The Canadian-American Challenge Cup Series and its unlimited sports racing cars shook the competitive motorsports world from 1966 to 1974. These ground-pounders are still treated with awe and reverence today. In an age in which the cars were the stars, many of the personalities from that incredible time of Can-Am racing have faded.
Nonetheless, never to be forgotten in racing circles is Marilyn Fox Halder. People from that era will tell you she was smart, beautiful and charismatic. A lucky German ex-pat racer named Lothar Motschenbacher, an independent Can-Am team owner and driver, called Marilyn his team manager and wife, this in an era when women were either trophies, stayed home, or were given a clipboard and a stopwatch and put to work on timing and scoring.
Marilyn’s introduction to racing came through her career as a dancer. She had been dancing and entertaining going back to her early childhood. She was doing commercials by day and dancing at the Millionaire’s Club, a private drinking establishment with live entertainment on La Cienega Boulevard in the evenings. The building itself would become ‘OSKO’s’ and was Los Angeles’ most popular nightclub club during the disco-era.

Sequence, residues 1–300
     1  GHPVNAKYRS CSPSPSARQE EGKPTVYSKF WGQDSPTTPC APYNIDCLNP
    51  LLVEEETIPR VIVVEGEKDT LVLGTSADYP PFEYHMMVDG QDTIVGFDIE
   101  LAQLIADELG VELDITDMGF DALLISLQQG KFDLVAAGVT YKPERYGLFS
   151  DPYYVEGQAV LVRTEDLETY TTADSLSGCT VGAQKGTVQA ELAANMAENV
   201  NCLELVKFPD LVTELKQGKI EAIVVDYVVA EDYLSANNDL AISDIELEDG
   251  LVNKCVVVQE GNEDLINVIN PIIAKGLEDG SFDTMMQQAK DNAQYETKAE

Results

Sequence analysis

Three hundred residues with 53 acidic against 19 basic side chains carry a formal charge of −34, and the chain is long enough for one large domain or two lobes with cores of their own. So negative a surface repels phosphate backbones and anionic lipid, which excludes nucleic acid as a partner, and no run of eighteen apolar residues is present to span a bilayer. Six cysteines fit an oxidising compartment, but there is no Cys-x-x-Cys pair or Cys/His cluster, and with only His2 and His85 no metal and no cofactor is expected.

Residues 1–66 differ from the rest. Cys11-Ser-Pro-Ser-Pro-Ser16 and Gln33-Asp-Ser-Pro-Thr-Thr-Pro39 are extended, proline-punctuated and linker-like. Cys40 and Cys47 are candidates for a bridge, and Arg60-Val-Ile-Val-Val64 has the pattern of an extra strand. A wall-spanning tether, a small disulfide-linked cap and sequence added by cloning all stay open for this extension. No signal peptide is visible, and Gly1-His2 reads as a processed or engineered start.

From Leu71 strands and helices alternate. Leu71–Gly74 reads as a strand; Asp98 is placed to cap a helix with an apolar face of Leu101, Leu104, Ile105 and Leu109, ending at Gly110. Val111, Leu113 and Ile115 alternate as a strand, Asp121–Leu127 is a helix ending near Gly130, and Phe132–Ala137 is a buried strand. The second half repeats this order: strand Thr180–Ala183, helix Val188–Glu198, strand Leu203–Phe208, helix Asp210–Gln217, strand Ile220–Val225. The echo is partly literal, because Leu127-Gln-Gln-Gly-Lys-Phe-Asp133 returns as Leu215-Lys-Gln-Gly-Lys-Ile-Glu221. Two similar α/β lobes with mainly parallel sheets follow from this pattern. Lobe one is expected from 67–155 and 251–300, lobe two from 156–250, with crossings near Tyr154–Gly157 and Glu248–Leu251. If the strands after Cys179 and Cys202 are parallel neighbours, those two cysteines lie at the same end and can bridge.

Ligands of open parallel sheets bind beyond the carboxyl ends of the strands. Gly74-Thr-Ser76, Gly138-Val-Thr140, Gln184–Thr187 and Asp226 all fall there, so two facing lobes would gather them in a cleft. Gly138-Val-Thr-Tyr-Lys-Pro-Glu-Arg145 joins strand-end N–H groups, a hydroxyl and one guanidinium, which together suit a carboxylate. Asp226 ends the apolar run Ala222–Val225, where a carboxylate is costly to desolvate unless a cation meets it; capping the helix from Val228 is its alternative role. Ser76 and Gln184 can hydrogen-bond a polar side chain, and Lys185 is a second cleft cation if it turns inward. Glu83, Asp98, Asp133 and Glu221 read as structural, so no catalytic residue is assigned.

It was there she met Peter and Harry Rothschild. They owned the Powerine Oil Co., a petroleum refinery business founded by their father in Southern California. They were looking to provide high-octane fuel to the racing clubs and tracks and hired Marilyn as a promotional model and “race queen” to represent the Powerine Brand at the races.
“It sounded like fun and I love cars!” she remembers.
That love of cars may never have fully developed itself but for that chance meeting and the new gig.
“I always liked the techie side of how things work,” she explained. “My dad always had Fords, but then he bought a Packard. Dark Blue and it was gorgeous!”
Off to the races Marilyn went.
“At first, I didn’t know where I was going, so I had a chaperone that would take me around.”
Her first race was at Riverside. She also appeared at gas station grand openings. It was at one of these races, a year and a half into her stint, that a soft-spoken German approached her during a race weekend at Santa Barbara.
Lothar Motsenbacher arrived in Southern California from Germany, where he had been an apprentice Mercedes-Benz factory mechanic. He opened his own Mercedes repair shop off Ventura Boulevard and took an interest in racing. By 1962, he had bought himself an ex-Ken Miles Lotus 22 Formula Junior. In 1963 and 1964, he won 32 races, 13 of them consecutively.
Motsenbacher moved up to a Cobra, and then to a King Cobra. From there, he would enter the Can-Am series in its inaugural year, 1966.
He had known Marilyn from the numerous award ceremonies where he was getting trophies, but it was on this particular occasion he offered Marilyn a ride back to Los Angeles. The rest, they say, is history.
She took a deep interest in the cars that he raced. Being an ace wrench, Motsenbacher built his own engines and had parts neatly organized during builds. Marilyn got quite the education, identifying the parts and watching how they all went together.